Lost Angeles

Image: Lonely Planet

2 years ago I walked into a smoke filled apartment in downtown LA. As I peeked across the kitchen I saw an unfamiliar person lying face-down, expressionless, on a couch, with a cigarette dangling between her fingers. She was old, she was intoxicated, and why the f*ck was she in my apartment.

When I sat down and said hello, one would expect a ‘Hi, nice to meet you,’ or a ‘Hey, my name is ____.’ Instead, she said, “Nice suit, can you get me a job?” Cautiously I asked, “Who are you?” She then looked me straight in the eye and proudly exclaimed, “I’m your new roommate”. Nara had moved here from Seattle and had nothing but a suitcase and a few dollars. She was about 35 years old and left behind a job in sales and marketing. She, like many people around the world, came to LA in search of fame and fortune.

Cities like Los Angeles have always been giant magnets for the hungry and passionate. If you’ve seen La La Land recently, then you’ll also understand the flip side to the glamour; the hustle and struggle that many Angelenos proudly endure just to flirt around a little with Hollywood. Auditions by day, bartending by night. It’s not a bad gig per say, in fact, I’ve always admired the courage and naivety that tens of thousands of dreamers have brought to this town.

Courtesy of InnoMag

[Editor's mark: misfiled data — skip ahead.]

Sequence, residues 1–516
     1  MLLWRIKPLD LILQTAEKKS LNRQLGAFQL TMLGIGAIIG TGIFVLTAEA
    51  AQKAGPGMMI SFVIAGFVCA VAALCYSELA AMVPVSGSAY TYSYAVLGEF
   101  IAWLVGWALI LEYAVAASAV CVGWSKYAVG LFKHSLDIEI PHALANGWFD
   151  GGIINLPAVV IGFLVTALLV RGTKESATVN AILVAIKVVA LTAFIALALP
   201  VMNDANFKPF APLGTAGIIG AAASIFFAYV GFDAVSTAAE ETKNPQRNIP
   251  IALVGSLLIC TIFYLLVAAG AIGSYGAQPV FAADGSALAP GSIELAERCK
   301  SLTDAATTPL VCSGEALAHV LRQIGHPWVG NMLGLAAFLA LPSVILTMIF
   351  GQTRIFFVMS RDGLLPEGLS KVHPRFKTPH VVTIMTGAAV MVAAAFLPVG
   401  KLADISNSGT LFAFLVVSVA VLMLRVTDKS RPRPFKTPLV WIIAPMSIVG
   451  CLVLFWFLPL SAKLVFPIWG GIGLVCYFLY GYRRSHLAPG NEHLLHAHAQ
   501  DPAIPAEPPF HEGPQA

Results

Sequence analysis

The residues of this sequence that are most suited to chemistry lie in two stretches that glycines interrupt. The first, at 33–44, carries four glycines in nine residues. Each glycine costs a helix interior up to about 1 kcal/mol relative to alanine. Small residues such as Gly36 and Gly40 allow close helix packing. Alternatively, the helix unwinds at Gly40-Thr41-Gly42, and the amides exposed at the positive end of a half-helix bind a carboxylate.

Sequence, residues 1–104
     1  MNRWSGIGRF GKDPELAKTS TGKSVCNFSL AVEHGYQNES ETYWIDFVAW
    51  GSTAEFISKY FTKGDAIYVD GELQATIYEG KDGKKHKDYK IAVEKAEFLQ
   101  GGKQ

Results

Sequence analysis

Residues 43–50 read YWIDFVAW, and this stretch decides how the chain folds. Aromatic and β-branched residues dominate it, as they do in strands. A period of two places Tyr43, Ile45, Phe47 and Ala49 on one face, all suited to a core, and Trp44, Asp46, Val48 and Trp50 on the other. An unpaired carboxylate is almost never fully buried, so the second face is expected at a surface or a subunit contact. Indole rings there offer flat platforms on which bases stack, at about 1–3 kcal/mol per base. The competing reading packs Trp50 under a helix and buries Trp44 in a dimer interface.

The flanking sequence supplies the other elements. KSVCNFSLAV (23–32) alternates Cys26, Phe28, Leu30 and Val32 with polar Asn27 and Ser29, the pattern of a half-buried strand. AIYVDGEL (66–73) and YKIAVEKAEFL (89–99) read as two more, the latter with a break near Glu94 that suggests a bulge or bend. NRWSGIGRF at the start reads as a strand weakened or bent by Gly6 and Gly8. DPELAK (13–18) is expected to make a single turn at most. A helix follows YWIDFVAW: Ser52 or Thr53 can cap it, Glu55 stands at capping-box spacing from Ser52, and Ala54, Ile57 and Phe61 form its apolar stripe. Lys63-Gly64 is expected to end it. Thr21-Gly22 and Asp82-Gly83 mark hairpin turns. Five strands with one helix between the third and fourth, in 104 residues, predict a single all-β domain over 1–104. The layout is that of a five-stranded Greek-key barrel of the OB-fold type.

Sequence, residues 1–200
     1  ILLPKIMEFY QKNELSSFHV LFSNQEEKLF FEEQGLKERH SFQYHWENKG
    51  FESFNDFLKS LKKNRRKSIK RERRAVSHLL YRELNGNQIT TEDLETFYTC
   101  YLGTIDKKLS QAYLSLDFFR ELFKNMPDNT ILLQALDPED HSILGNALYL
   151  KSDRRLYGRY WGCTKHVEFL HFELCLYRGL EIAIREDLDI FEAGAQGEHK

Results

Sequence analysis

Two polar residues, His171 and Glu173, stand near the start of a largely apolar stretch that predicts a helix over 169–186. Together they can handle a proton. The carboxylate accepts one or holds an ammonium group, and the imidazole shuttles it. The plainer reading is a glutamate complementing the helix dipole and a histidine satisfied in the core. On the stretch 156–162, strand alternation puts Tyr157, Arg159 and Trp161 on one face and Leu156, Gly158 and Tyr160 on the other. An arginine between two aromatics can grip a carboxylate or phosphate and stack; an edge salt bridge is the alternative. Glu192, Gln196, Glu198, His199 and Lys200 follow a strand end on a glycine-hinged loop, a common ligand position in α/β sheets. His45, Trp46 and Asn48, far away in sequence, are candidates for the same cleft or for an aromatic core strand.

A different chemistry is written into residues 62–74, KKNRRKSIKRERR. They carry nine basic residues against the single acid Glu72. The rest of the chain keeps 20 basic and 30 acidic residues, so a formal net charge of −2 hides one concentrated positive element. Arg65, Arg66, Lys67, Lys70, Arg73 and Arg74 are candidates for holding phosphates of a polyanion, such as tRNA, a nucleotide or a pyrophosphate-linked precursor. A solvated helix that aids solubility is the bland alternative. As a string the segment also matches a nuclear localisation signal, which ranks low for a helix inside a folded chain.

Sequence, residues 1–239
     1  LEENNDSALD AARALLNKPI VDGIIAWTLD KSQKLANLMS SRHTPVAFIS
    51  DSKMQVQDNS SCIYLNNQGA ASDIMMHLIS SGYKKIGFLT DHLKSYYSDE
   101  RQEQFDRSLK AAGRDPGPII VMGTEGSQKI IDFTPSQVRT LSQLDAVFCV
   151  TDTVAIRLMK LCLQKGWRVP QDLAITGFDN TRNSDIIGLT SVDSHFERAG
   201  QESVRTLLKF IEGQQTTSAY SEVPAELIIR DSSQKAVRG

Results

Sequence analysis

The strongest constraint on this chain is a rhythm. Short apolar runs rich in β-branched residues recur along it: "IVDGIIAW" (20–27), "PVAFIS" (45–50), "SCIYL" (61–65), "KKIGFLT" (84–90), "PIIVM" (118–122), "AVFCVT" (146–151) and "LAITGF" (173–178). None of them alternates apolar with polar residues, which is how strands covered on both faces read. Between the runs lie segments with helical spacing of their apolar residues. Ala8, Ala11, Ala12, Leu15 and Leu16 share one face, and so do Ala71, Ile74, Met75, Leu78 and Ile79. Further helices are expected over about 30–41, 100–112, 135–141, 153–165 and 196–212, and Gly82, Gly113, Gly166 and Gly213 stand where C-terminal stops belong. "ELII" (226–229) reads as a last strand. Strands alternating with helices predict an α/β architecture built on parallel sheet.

Recently I caught up with my friend Jon of Purple Squirrel, a startup aimed at breaking down relationship barriers and connecting people with like interests. We were sitting in an overcrowded restaurant on Abbot Kinney when I asked Jon why he moved Purple Squirrel from San Francisco down to Venice Beach. As we slowly sipped (downed actually) our stone cold pilsners, he answered, “Because I can actually have a normal conversation with people, that’s NOT related to tech.” LA is a city with over 8M inhabitants. It’s a melting pot of sorts and although entertainment will always hold the crown jewel, startups in many ways can take advantage of not being in the spotlight. You see, “having a normal conversation” is one of the most integral parts of starting any company. When you go out and speak to your clients or customers, in LA you can expect to hear real voices and real opinions from a diverse group of people unaffected by Silicon Valley hype. As a founder, you essentially can get a better sense of what people (customers) at scale may truly use. That’s the whole thing about good companies right, they create products or services that we not only desire, but need. Craigslist isn’t the sexiest platform (far from it) — but you know what, it works, and we use it — and yet every year, someone tries to overthrow it, and fails.